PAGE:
The ongoing, awful question of alcohol on the reservation
Pine Ridge, S.D. — In August, a potentially momentous vote took place—not momentous for the nation, but for the nation of the Oglala Sioux, or Oglala Lakota, as they’re also called. Here on the Pine Ridge reservation, tribe members voted to lift the longstanding ban on alcohol: its sale, possession, and consumption. The vote was 1,843 to 1,683, or 52 percent to 48 percent. The issue has stirred passions on the reservation. And it’s not quite over: Repeal is “not a done deal,” as an official tells me. The Tribal Council must approve it.
Pine Ridge drifts in and out of the national consciousness, mainly out. In 1973, activists took over the village of Wounded Knee, creating a national drama. Pine Ridge is in the southwestern corner of South Dakota. It’s larger than Delaware and Rhode Island combined—but smaller than Connecticut. Some 17,000 people live here. By contrast, Wyoming, the least populous state, has 576,000. Pine Ridge is a very poor place, the poorest of all the reservations.
One could cite many grim statistics, and tug at heartstrings. I will give a few facts, quickly. Infant mortality is sky high. Diabetes is sky high. So are any number of other illnesses, including depression. Suicide is sky high. It is virtually epidemic among teenagers. Life expectancy for men is 48; for women, it’s 52. One hears that this is the worst life expectancy in the Western Hemisphere, except for Haiti.
Most people drop out of school, and most people don’t work. Unemployment is over 80 percent. Most of those who do work are women, and they tend to work for one government entity or another. Homes are overcrowded. Often they have no water or electricity, and often they have a dangerous mold. Teen gangs have become a menace. To add insult to injury, the weather here is some of the most challenging in the country—a “weather of extremes,” as they say. It’s punishingly hot in the summer and punishingly cold in the winter. Severe winds blow at many times.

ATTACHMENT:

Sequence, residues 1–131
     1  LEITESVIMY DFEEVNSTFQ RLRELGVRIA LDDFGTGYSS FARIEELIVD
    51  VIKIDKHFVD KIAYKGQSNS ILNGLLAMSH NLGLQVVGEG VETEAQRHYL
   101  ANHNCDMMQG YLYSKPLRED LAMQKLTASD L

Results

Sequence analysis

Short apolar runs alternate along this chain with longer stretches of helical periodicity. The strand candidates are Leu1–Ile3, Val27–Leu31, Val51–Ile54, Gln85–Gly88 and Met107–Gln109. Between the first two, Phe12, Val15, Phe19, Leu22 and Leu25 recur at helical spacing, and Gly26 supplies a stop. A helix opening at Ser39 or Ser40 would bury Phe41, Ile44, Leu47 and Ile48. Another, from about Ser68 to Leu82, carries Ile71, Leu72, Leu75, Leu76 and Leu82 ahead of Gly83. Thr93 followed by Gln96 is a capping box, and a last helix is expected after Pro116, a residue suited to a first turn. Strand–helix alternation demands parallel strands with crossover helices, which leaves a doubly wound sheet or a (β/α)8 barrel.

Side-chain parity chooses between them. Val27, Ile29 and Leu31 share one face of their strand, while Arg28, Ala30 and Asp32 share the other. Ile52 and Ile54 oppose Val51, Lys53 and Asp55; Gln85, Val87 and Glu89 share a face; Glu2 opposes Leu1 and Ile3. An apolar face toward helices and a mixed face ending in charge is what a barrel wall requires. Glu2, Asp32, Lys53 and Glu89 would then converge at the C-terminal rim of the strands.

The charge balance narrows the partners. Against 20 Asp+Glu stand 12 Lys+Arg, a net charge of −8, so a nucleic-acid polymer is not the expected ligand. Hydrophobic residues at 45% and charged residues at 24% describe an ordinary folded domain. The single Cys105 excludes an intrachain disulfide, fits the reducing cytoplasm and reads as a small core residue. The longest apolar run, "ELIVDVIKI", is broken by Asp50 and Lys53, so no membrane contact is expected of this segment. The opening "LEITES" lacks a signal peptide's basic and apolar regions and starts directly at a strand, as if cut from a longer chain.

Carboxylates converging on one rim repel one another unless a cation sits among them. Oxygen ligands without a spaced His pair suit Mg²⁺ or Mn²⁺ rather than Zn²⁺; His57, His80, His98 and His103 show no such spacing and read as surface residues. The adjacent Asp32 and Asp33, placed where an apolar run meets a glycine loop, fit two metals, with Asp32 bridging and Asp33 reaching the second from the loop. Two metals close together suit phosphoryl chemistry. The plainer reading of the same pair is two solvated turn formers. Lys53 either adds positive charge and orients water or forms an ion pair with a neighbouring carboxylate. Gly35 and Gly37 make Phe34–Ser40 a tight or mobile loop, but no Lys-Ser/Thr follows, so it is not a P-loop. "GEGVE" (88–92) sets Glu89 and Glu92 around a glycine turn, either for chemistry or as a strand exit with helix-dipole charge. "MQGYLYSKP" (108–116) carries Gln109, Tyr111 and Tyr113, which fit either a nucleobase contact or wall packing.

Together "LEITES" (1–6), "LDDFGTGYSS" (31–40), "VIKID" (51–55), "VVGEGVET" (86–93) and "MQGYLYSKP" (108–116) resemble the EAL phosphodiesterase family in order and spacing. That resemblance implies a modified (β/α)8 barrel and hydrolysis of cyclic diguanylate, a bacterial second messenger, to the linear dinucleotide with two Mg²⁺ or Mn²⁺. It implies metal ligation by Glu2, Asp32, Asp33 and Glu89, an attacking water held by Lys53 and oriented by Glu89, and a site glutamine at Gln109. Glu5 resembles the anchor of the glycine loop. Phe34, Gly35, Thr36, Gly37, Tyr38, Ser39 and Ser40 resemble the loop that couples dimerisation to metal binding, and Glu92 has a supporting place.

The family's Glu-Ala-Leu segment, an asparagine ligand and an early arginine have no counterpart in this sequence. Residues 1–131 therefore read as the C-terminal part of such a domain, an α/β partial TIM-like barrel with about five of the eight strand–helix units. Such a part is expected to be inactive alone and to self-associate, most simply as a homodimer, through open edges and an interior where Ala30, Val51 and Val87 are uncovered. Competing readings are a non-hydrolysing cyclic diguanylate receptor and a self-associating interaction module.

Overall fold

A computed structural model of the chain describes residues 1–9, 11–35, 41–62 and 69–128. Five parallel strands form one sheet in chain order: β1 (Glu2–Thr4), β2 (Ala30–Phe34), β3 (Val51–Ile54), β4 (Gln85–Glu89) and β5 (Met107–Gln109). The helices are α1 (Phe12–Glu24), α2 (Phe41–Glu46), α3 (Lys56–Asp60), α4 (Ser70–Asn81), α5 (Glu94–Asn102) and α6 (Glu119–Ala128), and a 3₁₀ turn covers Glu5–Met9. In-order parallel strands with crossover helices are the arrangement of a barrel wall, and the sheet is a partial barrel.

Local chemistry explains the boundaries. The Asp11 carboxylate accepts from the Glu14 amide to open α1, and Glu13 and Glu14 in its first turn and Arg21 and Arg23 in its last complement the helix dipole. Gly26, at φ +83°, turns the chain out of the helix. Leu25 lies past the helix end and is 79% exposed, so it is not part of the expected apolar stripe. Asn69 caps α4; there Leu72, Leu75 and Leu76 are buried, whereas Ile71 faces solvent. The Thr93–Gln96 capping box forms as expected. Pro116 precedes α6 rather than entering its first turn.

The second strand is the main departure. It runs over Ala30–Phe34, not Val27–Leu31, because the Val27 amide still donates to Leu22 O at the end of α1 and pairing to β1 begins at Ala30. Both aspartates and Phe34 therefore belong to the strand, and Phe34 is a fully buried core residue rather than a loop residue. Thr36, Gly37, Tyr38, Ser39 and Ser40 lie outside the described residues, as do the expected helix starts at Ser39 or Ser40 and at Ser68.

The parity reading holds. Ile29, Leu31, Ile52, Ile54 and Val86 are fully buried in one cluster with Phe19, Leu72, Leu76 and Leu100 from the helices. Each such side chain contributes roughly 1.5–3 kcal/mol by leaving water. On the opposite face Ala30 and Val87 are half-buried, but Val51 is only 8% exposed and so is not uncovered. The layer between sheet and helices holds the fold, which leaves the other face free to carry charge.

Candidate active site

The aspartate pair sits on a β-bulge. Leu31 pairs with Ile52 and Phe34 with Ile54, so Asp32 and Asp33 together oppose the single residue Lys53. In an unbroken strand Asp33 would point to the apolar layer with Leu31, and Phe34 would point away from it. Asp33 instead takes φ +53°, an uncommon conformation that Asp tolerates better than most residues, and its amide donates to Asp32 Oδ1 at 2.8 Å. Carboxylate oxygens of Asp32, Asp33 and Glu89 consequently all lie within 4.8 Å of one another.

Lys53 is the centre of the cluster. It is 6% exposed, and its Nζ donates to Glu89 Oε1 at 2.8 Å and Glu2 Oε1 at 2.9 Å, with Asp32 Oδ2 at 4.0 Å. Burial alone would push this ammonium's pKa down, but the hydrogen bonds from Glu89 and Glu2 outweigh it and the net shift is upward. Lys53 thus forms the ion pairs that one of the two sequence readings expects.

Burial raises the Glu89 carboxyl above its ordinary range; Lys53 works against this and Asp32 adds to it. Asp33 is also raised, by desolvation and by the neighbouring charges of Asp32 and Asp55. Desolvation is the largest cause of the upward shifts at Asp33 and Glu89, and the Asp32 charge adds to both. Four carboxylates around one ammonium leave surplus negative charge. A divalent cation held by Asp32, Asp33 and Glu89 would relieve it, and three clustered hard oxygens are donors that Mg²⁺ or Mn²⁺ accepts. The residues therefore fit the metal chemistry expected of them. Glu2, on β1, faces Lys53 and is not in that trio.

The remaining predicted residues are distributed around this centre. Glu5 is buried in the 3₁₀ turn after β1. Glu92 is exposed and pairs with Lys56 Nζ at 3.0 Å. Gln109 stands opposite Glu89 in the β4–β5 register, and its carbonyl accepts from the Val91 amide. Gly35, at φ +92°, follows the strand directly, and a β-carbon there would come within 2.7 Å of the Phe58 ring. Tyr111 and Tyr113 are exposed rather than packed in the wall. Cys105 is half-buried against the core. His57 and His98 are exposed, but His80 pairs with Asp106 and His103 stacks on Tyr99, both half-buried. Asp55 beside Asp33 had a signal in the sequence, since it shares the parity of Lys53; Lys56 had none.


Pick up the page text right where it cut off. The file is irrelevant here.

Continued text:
The reservation is, as most people know, alcohol-drenched. One reads that eight out of ten families are affected by alcohol. I talk to people who have no idea who the other two families are: They’ve lived here all their lives, and never knew a family unaffected by alcohol, and have barely known an individual unaffected. What are the effects of alcoholism? Robbery, rape, murder, poverty, family breakdown, disease, death—one could go on.
Like two-thirds of all Indian reservations in America, Pine Ridge has traditionally banned alcohol. Yet alcohol, of course, is rife. Tribe members can get it over the border, wherever the border is. They might get it in Martin, S.D., in the east. Most notoriously, they get it in Whiteclay, Neb., in the south. (Sometimes the name of this place is written “White Clay.” It depends on the sign or map.) Whiteclay is just over the border from Pine Ridge—meaning the village of Pine Ridge, not the reservation at large. People in Whiteclay have been selling booze to the Sioux for over 100 years. There are four liquor stores in Whiteclay and only three times as many residents. Yes, Whiteclay has just a dozen people or so. The liquor stores do a booming business. They sell something like 4.5 million cans of beer a year, which comes out to more than 12,000 a day. Whiteclay has been a focus of tribal anger for a long time.
Last year, the tribe filed suit against the liquor stores in federal court. They also sued beer distributors and beer makers, including Anheuser-Busch, Miller, and Pabst. They claimed that alcohol was stocked and sold “far in excess” of what Nebraska law allows. The judge was sympathetic, saying, “There is, in fact, little question that alcohol sold in Whiteclay contributes significantly to tragic conditions on the Reservation.” He also said that the case did not belong in federal court.
Less than a year later, the tribe held its referendum. For some, the victory of the repeal side had an air of, “If you can’t beat ’em, join ’em.” If you can’t keep others from selling the stuff, sell it yourself. In all likelihood, the Tribal Council will not nullify the people’s vote. But, again, it has a right to do so and may. Many leaders are against repeal, including the tribal president, Bryan Brewer. (Yes, his name is Brewer.) The police chief, Ron Duke, is on record as opposing repeal as well. By his own testimony, he drank until he was in his early 30s, and he has had two daughters killed in drunk-driving accidents.